Int J Chron Obstruct Pulmon Dis
                Int J Chron Obstruct Pulmon Dis
                International Journal of Chronic Obstructive Pulmonary Disease
                07 December 2020
                : 15
                : 3251-3259
                [1 ]Department of Medicine, Royal Melbourne Hospital, The University of Melbourne , Parkville, VIC, Australia
                [2 ]Department of Respiratory and Sleep Medicine, Royal Melbourne Hospital , Parkville, VIC, Australia
                [3 ]Public Health and Preventive Medicine, Monash University , Clayton, VIC, Australia
                [4 ]Allergy, Asthma & Clinical Immunology, Alfred Health , Prahran, VIC, Australia
                [5 ]Department of Physiotherapy, The University of Melbourne , Parkville, VIC, Australia
                Author notes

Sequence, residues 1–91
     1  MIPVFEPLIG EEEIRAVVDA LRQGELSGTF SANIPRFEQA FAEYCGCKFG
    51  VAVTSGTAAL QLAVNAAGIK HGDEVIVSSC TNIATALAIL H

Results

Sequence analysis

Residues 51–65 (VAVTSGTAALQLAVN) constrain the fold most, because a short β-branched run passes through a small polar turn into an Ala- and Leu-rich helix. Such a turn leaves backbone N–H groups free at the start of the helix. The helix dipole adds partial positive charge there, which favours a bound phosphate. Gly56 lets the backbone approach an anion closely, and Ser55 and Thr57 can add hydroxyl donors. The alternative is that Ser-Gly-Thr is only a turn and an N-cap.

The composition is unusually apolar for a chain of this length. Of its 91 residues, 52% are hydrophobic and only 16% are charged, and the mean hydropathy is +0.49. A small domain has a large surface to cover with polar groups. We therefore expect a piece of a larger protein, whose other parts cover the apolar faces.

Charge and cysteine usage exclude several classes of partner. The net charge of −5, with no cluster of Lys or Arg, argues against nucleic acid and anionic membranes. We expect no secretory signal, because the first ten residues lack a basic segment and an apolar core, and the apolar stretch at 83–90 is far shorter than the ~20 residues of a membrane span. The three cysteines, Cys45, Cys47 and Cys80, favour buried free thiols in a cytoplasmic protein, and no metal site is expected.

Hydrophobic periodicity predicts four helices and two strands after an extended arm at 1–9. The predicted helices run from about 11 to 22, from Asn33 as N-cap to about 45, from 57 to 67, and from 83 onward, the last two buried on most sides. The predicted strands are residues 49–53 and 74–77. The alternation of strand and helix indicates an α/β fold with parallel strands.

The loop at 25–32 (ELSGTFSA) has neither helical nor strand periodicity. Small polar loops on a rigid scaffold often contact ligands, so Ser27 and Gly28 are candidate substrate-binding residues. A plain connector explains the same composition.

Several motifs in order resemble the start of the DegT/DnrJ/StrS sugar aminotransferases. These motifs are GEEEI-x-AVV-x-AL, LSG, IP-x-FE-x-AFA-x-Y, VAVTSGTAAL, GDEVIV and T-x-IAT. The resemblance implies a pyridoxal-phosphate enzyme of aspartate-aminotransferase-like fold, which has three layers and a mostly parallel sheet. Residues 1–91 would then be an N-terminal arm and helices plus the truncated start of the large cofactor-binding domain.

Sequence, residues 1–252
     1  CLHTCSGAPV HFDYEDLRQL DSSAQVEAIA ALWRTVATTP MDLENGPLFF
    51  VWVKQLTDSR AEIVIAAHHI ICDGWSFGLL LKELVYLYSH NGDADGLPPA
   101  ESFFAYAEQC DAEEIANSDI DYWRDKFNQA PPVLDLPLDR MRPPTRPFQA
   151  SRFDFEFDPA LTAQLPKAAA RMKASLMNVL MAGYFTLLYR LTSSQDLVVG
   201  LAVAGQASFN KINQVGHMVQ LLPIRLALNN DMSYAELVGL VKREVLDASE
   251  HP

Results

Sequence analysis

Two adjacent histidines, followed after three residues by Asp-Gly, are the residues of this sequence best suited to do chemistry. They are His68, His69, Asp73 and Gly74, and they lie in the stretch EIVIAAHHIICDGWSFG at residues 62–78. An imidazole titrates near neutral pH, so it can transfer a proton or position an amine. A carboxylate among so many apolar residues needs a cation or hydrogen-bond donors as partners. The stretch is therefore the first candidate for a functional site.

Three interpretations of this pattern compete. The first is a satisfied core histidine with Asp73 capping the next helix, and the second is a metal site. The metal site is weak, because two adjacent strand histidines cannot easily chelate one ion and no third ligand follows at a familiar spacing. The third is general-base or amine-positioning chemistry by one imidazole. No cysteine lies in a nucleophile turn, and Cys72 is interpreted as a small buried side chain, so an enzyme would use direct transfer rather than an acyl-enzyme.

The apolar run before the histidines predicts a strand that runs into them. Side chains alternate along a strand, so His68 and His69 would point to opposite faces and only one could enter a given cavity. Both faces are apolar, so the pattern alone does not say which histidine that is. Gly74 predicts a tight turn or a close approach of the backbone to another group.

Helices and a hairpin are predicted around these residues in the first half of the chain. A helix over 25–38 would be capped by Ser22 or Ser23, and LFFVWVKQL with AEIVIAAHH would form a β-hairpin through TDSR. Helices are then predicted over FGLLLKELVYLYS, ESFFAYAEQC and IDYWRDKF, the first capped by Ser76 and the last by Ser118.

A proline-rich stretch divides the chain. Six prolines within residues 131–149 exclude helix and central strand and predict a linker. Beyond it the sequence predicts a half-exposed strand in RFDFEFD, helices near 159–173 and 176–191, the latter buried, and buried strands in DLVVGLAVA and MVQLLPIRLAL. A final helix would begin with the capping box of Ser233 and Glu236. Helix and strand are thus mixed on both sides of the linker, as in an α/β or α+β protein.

Correspondence: Peter Wallbridge Department of Respiratory Medicine, Level 5 East, Royal Melbourne Hospital , Grattan St, Parkville, VIC3050, AustraliaTel +61 3 9342 7000Fax +61 3 9342 3141 Email
                © 2020 Wallbridge et al.

                This work is published and licensed by Dove Medical Press Limited. The full terms of this license are available at and incorporate the Creative Commons Attribution – Non Commercial (unported, v3.0) License ( By accessing the work you hereby accept the Terms. Non-commercial uses of the work are permitted without any further permission from Dove Medical Press Limited, provided the work is properly attributed. For permission for commercial use of this work, please see paragraphs 4.2 and 5 of our Terms (

                Page count
                Figures: 2, Tables: 5, References: 49, Pages: 9
                Original Research

                Respiratory medicine

                respiratory muscle, measurement, ultrasound, endobronchial valve, copd